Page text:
Evolution Devices co-founder and CEO Pierluigi Mantovani said: “This support will help us finish our research and develop the device further, so we can get it to the people who really need it. People like my dad.
“My dad has multiple sclerosis and developed foot drop. He was recommended a device that was far too expensive and so myself and some friends build this prototype that helped.
“After that, we wanted to make something affordable for others. Our main goal has always been to help people regain the ability to walk freely again.”
Moby – Italdesign
Italdesign aims to create a network of small electric vehicles for wheelchair users to access and benefit from enhanced urban mobility, accessible via an app-based share scheme.
Styling itself as the equivalent to cycle-sharing schemes but for wheelchair users, it aims to make transport for the latter simpler and easier.
Italdesign project manager for smart cities Serena De Mori said: “Moby is a concept we developed over time, working with users of wheelchairs.
“They said they wanted a way to make travelling easier and so we developed this platform.
“We entered this challenge because we wanted to have a different kind mobility solution which is accessible to all.”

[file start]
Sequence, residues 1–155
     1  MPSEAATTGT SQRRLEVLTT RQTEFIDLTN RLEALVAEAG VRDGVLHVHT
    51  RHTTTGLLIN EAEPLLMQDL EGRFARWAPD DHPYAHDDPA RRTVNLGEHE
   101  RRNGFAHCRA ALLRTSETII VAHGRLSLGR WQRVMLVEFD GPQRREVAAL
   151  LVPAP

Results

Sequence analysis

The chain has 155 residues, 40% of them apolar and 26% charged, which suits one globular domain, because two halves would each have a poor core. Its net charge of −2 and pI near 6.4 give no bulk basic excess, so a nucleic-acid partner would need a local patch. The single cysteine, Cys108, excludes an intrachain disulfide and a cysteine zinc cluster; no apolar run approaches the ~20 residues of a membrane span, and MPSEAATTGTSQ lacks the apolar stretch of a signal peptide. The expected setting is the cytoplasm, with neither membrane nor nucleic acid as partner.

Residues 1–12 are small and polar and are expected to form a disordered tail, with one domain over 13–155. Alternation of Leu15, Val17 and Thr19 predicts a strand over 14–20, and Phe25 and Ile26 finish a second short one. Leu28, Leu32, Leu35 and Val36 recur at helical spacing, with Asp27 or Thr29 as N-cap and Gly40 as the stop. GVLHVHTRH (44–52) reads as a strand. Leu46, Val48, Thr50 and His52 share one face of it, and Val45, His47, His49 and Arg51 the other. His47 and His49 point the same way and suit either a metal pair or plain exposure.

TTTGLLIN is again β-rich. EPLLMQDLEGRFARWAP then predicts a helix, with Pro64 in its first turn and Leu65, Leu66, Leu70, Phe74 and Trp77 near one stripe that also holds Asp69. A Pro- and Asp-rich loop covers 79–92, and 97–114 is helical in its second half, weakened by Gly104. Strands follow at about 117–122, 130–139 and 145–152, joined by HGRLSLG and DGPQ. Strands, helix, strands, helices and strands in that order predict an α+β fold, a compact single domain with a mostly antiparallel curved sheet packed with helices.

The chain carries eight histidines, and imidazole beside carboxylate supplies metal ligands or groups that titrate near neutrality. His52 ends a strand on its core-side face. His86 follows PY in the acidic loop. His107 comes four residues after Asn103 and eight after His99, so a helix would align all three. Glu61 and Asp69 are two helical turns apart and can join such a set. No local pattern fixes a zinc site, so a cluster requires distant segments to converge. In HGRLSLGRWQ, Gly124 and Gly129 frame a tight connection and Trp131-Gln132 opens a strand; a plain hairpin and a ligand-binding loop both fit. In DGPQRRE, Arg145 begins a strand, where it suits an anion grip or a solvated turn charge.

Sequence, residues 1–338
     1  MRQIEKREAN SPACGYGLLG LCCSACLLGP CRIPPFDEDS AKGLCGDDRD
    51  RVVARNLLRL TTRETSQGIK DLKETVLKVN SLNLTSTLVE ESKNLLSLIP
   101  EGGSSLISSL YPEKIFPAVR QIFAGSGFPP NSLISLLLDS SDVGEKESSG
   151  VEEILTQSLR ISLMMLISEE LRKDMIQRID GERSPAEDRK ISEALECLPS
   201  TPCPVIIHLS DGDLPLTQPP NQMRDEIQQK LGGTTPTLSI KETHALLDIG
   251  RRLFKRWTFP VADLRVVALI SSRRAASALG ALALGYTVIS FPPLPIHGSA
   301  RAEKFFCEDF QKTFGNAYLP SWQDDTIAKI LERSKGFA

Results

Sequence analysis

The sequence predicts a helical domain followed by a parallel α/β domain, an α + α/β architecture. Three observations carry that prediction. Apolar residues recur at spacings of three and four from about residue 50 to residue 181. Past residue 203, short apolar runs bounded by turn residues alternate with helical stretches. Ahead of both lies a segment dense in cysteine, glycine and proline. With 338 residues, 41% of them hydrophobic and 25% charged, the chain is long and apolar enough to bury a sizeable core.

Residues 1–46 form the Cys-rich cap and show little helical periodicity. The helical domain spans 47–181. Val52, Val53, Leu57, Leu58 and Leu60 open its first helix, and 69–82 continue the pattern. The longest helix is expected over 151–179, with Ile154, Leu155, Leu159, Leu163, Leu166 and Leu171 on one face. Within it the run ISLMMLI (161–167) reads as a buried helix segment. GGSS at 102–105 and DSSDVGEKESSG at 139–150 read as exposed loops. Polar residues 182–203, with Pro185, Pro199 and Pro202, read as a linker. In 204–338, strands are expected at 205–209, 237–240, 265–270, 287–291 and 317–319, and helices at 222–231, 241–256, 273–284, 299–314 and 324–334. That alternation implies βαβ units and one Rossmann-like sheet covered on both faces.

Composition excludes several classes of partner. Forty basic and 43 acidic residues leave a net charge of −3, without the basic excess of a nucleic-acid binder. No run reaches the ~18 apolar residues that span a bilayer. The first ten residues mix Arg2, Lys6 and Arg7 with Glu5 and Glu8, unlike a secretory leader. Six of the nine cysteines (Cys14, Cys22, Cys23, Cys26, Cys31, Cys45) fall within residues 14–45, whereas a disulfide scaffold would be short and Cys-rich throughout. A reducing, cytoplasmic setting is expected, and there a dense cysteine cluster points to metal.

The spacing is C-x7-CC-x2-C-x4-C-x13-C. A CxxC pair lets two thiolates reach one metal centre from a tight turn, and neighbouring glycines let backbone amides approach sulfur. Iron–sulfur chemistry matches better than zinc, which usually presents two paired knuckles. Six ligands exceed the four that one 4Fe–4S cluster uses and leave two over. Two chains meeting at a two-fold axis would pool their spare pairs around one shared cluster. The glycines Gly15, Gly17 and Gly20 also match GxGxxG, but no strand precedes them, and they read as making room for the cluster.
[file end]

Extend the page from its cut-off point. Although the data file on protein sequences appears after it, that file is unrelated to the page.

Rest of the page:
PhoenixAI Wheelchair – Phoenix Instinct
The PhoenixAI Wheelchair is a self-balancing wheelchair made from ultra-lightweight carbon fibre.
Using smart sensors, the chair is able to configure itself depending on what the user is doing in order to keep them centred, with algorithms that will move the chair back if the user is leaning too far forward, for example.
The chair will also continually adjust its centre of gravity, making it easier to push and turn by removing drag and uncomfortable motion, in addition to providing power assistance when scaling slopes and automatic brakes that eliminate the need for the user to grip the wheels to slow down.
Phoenix Instinct founder and CEO Andrew Slorance said: “I wanted to be part of this challenge because I broke my back when I was 14, which was now 35 years ago.
“By the time I was 16, I’d decided that I would one day design a wheelchair that would change perceptions by using cutting-edge materials and styling.
“I knew the next step beyond advanced materials has to be to make wheelchairs smart. But that costs a huge amount of money in development.